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Water, millennials drive Portland, Oregon, housing

It's not jobs. It's not tech, and it's not foreign investors. Portland, Oregon, housing is benefiting from a few things its neighbors don't have: water and home-buying millennials.

"We're on the West Coast and we have water. They're moving here in preparation for lack of water," said Brian Ramsay, a real estate agent with Hasson Company Realtors.

Portland, Oregon
Espiegle | Getty Images
Portland, Oregon

Unlike California and Seattle, he said, the relatively low home prices in Portland, combined with still low mortgage rates, make the area quite affordable for younger buyers. Add water, and suddenly the market is red hot.

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"You're lucky if you can be one of the first 15 offers in 24 hours. That's how hard it is for buyers to get a house now," said Ramsay.

The sales numbers are staggering—signed contracts in April were 28 percent higher than a year ago, the strongest since 2005, according to RMLS, a real estate data firm. Closed sales in April showed an identical leap.

Despite a 9 percent jump in new listings in April from a year ago, Portland has an anemic 1.8- month supply of homes for sale compared with a normal market of six months. The average time a home sits on the market dropped from 77 days a year ago to 61 days now.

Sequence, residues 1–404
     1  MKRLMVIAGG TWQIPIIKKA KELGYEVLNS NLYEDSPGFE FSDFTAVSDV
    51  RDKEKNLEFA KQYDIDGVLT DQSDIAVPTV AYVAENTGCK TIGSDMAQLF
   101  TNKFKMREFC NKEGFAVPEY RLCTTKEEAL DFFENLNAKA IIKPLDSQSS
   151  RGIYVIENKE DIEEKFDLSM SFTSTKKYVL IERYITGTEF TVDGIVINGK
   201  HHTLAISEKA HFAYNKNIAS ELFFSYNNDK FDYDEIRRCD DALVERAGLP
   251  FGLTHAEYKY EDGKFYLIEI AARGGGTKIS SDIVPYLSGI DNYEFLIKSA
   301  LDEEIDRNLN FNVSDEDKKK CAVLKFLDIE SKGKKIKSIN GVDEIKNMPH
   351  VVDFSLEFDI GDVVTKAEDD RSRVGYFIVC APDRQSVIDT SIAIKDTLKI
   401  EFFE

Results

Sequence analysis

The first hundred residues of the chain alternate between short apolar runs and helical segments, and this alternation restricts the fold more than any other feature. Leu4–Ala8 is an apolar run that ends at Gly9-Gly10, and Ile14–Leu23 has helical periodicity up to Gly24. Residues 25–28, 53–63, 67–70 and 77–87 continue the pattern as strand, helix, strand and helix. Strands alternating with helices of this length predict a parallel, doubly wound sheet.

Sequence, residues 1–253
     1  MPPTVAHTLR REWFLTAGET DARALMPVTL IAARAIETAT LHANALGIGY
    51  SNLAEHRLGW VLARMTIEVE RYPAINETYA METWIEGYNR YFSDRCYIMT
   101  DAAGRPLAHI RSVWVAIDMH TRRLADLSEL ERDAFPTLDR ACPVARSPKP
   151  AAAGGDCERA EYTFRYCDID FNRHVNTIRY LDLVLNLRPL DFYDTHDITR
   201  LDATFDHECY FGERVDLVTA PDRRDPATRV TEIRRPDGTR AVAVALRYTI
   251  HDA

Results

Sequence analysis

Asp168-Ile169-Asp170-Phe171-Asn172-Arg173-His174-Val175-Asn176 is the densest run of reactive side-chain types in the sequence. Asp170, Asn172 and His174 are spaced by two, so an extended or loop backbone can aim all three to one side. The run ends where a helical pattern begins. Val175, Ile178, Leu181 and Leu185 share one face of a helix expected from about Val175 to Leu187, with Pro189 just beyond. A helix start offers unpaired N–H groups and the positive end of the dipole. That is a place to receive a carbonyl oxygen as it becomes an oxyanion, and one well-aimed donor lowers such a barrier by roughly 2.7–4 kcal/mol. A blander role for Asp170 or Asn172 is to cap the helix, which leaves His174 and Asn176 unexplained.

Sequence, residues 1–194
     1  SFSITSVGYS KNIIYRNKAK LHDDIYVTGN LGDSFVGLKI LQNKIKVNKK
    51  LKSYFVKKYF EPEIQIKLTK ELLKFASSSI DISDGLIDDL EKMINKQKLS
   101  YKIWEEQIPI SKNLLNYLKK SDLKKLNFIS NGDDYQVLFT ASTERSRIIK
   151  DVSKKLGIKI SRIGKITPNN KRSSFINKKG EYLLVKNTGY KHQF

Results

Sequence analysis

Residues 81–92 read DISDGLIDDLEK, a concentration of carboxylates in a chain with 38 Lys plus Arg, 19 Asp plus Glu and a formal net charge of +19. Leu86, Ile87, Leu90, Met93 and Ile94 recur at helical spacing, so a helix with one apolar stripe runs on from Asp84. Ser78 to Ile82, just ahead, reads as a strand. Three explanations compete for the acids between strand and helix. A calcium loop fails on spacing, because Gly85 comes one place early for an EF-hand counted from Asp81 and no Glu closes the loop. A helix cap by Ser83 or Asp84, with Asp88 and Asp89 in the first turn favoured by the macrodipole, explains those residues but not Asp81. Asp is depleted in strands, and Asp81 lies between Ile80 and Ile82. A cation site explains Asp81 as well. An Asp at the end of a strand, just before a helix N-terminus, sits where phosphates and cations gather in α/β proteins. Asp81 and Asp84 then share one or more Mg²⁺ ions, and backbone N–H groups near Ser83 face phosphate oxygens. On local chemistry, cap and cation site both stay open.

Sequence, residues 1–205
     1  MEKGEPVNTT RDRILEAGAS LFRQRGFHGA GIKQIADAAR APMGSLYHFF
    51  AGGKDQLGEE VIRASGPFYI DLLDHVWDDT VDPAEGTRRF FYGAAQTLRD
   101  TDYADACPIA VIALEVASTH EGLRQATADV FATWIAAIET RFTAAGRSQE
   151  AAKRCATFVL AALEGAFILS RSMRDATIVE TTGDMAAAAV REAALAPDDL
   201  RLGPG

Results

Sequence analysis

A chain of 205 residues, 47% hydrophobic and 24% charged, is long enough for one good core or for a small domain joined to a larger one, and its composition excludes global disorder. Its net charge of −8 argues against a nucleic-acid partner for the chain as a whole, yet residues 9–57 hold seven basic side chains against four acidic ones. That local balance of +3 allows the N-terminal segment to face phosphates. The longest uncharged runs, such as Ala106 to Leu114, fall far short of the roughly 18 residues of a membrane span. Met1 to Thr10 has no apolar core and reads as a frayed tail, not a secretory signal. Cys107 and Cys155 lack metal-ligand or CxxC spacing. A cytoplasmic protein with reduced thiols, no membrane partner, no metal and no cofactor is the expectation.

Brisk sales and tight supply usually combine to push prices higher; while the median price of a Portland home sold in April was up 5.5 percent from a year ago to $290,000, the supply issue would suggest the price gains be bigger, but Portland is a sticky market.

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"It's very pocketed," said Ramsay.

Portland homeowners tend to like renovated older homes with character, he added, not new construction, and they stick to certain neighborhoods. Prices in some areas are therefore up more dramatically than the overall median numbers imply.

The only thing lacking in Portland is more listings. While prices may still be attractive, the longer supply stays this tight, the faster that great affordability will turn on its heels.